Safety First: Grinding burrs can be very sharp, so be sure to keep your fingers away from the grinding mechanism!
Once you’ve adjusted your grinder, place a few tablespoons of roasted coffee beans in the grinder cup. Begin turning the crank handle. It may take a little effort at first. Once the grinding is underway, keep the crank with a slow and steady movement. Continue until all the coffee beans have moved through the burrs.
Once you have ground your first batch of coffee beans, measure the grounds produced. Allowing 2 – 3 tablespoons of ground coffee per 6-ounces of brewed will help you calculate how much ground coffee you need for your current use. Repeat the grinding process in small batches as needed until you’ve achieved the desired amount of ground coffee. Then, brew your coffee as desired and enjoy!
How to Grind Coffee Beans at Home WITHOUT a Grinder
Have you somehow ended up with a bag of whole bean coffee even though you don’t have a grinder?
Maybe you received the coffee beans as a gift. Perhaps you found a tempting bargain or a specialty roast you just couldn’t resist. It could be you grabbed the wrong bag at the store and brought home whole beans instead of your usual ground coffee. Or maybe you just want to give freshly-ground coffee a try before investing in a grinder.
Whatever the reason, you absolutely can indulge in freshly-ground, whole-bean coffee without a grinder!
The fact is, there are a number of basic kitchen and household items that can be used to make your coffee beans ready for brewing. In most of these processes, the coffee beans are really crushed rather than ground. And the results are not always pretty. But you will be able to brew your coffee, and that’s the most important thing, right?!
So let’s learn how to grind coffee beans at home using basic kitchen and household items you already have on hand.
If you have a blender with a glass container, you have the means to get a passable grind from your coffee beans. You can use a blender with a plastic container, but be aware that the container might get scratched in the process. The plastic is also likely to retain the smell of the coffee, which could make the blender unpleasant to use for other foods.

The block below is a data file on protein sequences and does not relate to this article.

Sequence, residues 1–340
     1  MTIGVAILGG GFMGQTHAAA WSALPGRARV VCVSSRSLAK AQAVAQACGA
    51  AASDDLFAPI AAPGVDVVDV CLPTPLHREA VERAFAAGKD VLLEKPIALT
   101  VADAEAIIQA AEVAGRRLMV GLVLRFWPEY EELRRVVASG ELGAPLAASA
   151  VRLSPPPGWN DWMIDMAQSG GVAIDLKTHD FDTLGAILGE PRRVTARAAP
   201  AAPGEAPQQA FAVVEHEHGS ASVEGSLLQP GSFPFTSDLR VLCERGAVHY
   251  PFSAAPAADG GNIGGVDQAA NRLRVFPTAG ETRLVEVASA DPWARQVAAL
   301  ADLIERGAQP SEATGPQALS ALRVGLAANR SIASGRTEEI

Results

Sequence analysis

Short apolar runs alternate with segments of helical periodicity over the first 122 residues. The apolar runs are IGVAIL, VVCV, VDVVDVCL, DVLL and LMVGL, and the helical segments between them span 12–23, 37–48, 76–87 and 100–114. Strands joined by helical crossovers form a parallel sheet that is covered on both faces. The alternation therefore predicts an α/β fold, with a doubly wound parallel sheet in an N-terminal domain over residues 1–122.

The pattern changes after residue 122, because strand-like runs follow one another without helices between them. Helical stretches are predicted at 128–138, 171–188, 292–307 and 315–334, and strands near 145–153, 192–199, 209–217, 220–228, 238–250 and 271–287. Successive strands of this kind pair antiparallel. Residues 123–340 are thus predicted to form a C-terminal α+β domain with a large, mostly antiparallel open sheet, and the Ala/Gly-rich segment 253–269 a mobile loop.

If your blender doesn’t have a glass container, we suggest you check out the other options listed below for grinding your coffee beans before proceeding.
Assemble your blender and add one to two tablespoons of your roasted coffee beans. Select the “Chop” or “Grind” setting. Use the pulse button to create intermittent bursts of chopping. Keep a close eye on the process so you don’t powderize the beans. Your best bet will be to stop when you have relatively coarse grounds.
If the blades of your blender get sluggish, remove some of the coffee beans and work with a smaller batch. You want to be careful not to over-burden your blender and burn out the motor.
Continue working with small quantities of beans, removing each batch from the blender completely before starting the next. Once you have the desired amount of ground coffee, brew as usual.
A Note about Food Processors: Although a food processor may seem like a great appliance for grinding coffee beans, it’s actually not well-suited to the task. The blades in most food processors are not designed to chop something as hard as roasted coffee beans. Trying to grind coffee beans will, at best, quickly dull the food processor’s blades or, at worst, completely ruin them. Food processor bowls are typically made of plastic, too, which could become severely scratched by the coffee beans. Unless your manual tells you the model you have is safe to use for the task, we do not recommend using a food process to grind coffee beans.
If you have a rolling pin handy, you can create a rough grind — or crush — from your whole bean coffee.